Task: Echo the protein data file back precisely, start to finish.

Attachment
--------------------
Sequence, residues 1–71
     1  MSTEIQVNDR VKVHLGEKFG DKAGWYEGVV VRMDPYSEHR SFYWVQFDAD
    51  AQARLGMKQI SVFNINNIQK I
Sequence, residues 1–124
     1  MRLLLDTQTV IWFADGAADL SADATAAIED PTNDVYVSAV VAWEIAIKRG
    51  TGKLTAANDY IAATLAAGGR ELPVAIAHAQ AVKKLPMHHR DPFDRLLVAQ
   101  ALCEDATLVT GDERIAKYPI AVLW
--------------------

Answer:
Sequence, residues 1–71
     1  MSTEIQVNDR VKVHLGEKFG DKAGWYEGVV VRMDPYSEHR SFYWVQFDAD
    51  AQARLGMKQI SVFNINNIQK I
Sequence, residues 1–124
     1  MRLLLDTQTV IWFADGAADL SADATAAIED PTNDVYVSAV VAWEIAIKRG
    51  TGKLTAANDY IAATLAAGGR ELPVAIAHAQ AVKKLPMHHR DPFDRLLVAQ
   101  ALCEDATLVT GDERIAKYPI AVLW